Nepalese women break mountaineering barriers

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KATMANDU, Nepal — It’s the world’s highest glass ceiling. Of the 3,755 climbers who have scaled Mount Eve­rest, more than half are Nepalese but only 21 of those locals are women.

Shailee Basnet, the leader of the team of Nepalese mountain climbers, looks at gear. The women aim to climb the tallest mountains on every continent.   FILE/ASSOCIATED PRESS
FILE/ASSOCIATED PRESS
Shailee Basnet, the leader of the team of Nepalese mountain climbers, looks at gear. The women aim to climb the tallest mountains on every continent.

Aiming to change the all-male image of mountaineering in their country, a group of Nepalese women have embarked on a mission to shatter that barrier by climbing the tallest mountain on each of the seven continents.

The women, between ages 21 and 32, have already climbed Everest in Asia, Kosciuszko in Australia and Elbrus in Europe. They are preparing to climb Mount Kilimanjaro in Africa to mark International Women’s Day this week.

“The main goal of our mission is to encourage women in education, empowerment and environment,” Shailee Basnet, the 29-year-old team leader, said before leaving for Africa.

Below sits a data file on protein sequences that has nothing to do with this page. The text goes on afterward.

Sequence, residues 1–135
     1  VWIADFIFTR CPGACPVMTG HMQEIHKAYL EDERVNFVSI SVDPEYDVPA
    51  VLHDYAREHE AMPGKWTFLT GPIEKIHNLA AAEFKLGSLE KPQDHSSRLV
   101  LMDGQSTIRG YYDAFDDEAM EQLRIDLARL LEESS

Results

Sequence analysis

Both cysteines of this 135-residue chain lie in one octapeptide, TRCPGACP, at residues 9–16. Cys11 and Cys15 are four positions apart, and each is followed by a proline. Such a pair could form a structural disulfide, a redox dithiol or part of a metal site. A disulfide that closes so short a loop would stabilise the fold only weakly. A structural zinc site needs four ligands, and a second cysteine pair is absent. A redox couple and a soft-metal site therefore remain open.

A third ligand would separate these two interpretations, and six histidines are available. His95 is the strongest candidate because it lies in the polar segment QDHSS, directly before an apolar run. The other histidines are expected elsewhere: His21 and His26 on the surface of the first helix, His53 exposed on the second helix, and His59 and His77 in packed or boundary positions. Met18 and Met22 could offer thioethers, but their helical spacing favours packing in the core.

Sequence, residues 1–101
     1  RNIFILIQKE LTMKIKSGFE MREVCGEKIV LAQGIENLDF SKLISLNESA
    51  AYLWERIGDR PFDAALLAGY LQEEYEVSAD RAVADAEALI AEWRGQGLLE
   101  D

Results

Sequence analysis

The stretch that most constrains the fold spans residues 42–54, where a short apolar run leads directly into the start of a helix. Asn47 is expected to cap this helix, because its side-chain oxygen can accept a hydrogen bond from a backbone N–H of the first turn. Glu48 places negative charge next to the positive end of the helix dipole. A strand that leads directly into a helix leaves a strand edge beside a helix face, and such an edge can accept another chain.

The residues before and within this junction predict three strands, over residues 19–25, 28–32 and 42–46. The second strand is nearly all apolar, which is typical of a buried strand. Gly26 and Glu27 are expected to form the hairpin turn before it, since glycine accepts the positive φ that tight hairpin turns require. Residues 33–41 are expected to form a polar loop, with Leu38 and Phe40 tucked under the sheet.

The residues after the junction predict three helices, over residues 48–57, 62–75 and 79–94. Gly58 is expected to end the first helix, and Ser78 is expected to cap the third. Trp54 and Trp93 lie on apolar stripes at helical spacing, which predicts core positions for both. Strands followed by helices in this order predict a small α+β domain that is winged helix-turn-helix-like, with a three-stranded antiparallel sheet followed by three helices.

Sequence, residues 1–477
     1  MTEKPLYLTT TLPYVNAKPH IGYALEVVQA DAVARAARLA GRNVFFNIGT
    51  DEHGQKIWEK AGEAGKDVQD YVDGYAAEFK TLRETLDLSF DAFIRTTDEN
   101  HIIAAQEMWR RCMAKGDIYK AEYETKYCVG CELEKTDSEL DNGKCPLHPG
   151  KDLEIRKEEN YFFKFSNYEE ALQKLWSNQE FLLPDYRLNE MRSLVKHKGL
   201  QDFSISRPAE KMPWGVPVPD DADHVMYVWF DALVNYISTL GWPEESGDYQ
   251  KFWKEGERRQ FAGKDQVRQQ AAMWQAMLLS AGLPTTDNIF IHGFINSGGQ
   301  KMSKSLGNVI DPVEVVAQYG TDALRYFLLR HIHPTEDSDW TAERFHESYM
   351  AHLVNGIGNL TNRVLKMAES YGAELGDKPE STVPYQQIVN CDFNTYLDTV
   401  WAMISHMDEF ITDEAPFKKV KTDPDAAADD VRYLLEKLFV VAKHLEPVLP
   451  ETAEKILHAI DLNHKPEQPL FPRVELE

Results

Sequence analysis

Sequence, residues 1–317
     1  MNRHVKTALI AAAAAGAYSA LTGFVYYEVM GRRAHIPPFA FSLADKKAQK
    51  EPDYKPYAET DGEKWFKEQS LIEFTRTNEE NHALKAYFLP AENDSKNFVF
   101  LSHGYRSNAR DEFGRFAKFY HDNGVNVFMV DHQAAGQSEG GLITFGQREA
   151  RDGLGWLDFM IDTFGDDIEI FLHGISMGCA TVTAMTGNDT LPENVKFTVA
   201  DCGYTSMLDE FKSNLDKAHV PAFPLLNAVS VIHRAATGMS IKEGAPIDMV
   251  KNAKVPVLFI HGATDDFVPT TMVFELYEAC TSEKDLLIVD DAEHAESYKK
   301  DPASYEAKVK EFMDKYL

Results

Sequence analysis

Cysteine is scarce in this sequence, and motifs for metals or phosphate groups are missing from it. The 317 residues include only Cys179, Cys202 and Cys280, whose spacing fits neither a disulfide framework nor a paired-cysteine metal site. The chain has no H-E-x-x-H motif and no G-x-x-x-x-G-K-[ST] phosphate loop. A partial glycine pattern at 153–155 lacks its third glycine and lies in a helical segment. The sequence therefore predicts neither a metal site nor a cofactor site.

Women in Nepal rarely got the chance to climb because they were confined to their homes while their husbands led expeditions or carried equipment for Western climbers, Basnet said.

It was only in 1993 that a Nepalese woman – Pasang Lhamu – first reached the 29,035-foot summit of Everest. She died on the descent.

According to Ang Tshering of the Nepal Mountaineering Asso­ciation, Nepalese women had traditionally expressed little attraction to mountaineering.

“It is only recently that women have shown interest,” Tshering said.

Since climbing Everest in 2008, the women have spoken in more than 100 schools across Nepal to tell students about their mission.

“We are hoping to attract more women to mountaineering, both as a profession and as a hobby,” said Pema Dikki, 25.

Basnet said the response to the Everest climb encouraged them to push ahead. The team members have spent their savings, taken out loans and sought sponsorships to finance their expensive gear, climbing permits and plane tickets.

The team plans to speak to students while in Africa to spread their theme, “You can climb your own Everest,” to encourage girls to stay in school.

The team will be joined by two women from Tanzania and one from South Africa during the Kilimanjaro climb.

Nepal has eight of the 14 mountains that are more than 26,240 feet high.


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